London will not host an NFL game this year for the first time since 2006 after plans to stage four matches in the capital were shelved due to the coronavirus pandemic.
Wembley and the Tottenham Hotspur Stadium were due to stage two games each later this year, but the NFL on Monday announced that all its 2020 fixtures will take place in the United States to cut down on travel. The full season schedule is due to be published later this week.
The Jacksonville Jaguars, Miami Dolphins and Atlanta Falcons were among the teams due to play in London this year, continuing a series which began with a meeting between Miami and the New York Giants back in 2007.
NFL UK's managing director Alistair Kirkwood said: "The NFL's London Games have become a major part of the NFL season and the UK sports calendar.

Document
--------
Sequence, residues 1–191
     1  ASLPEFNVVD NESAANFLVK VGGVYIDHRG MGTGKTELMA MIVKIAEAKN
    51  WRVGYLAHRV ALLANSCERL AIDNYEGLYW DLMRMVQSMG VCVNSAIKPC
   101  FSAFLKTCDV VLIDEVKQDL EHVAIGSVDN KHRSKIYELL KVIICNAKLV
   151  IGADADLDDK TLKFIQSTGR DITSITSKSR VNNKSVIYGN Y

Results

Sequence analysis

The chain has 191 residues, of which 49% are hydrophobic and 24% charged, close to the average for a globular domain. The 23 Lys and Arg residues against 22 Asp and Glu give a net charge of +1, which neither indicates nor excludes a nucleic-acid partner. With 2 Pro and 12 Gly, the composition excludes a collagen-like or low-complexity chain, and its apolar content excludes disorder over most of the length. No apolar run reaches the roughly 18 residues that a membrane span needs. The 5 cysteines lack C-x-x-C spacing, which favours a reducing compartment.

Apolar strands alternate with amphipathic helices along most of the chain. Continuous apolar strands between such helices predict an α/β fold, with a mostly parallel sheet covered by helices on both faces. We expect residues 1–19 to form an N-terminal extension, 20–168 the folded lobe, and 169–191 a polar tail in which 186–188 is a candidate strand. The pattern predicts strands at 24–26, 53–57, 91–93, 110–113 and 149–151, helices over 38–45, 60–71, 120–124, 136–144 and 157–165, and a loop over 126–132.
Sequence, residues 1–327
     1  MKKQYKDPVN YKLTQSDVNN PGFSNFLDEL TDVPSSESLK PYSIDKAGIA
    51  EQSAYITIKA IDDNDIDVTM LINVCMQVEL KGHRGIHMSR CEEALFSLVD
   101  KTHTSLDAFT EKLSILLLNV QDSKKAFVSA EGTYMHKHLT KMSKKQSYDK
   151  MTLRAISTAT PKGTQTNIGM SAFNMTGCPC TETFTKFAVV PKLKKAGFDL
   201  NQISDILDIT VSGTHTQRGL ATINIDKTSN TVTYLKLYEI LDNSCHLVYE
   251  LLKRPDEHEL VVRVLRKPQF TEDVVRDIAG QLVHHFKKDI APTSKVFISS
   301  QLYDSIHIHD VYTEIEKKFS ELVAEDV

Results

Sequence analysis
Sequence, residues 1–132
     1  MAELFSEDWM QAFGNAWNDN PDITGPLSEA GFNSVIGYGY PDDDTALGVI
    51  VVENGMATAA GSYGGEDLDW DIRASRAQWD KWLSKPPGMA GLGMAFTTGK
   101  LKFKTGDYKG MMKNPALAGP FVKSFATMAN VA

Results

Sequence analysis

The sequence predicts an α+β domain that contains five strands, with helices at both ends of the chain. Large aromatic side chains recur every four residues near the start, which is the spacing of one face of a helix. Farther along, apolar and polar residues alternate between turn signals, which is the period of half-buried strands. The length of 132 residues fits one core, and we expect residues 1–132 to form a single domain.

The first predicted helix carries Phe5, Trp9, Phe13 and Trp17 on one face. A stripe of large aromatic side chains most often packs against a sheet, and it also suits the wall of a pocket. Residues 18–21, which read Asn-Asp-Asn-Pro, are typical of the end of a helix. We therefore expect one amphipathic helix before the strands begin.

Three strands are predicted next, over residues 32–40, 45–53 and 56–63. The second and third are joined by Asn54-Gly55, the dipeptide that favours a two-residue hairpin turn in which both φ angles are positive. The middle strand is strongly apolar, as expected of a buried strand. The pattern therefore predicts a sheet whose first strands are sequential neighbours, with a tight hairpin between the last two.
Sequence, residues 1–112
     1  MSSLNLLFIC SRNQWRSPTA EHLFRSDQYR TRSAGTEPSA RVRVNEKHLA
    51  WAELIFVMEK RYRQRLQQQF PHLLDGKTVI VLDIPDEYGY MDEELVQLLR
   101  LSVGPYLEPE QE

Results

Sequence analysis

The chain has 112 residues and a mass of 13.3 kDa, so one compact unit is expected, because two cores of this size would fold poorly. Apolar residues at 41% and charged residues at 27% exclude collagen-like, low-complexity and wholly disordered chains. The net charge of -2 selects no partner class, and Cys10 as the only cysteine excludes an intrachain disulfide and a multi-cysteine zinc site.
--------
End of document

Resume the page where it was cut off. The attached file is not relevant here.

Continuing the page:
"But the uncertainty in the current sporting landscape and the tremendous amount of long-term travel and planning required to stage successful London games mean this is the sensible decision to make."
The league had also been due to stage a game in Mexico City this year, but that too will not take place.
However, NFL executive vice-president Christopher Halpin said international play would return next year.
"We greatly appreciate the support of our governmental and stadium partners in Mexico and the United Kingdom, who all agree with this decision, and we look forward to returning for games in both countries in the 2021 season," he said.
The news will come as a blow to both the Football Association and Tottenham, who earn valuable revenue from the NFL using their facilities.
Tottenham's new stadium features custom-built locker rooms for NFL teams, with hosting games part of the club's long-term strategy.
Spurs chairman Daniel Levy said: "We look forward to welcoming everyone from the NFL back to Tottenham in 2021 as we further develop our unique partnership and create even more memorable game days.
"Until then, we wish the NFL a successful season ahead and send our sincere thoughts and well-wishes to everyone who has been affected by the Covid-19 pandemic."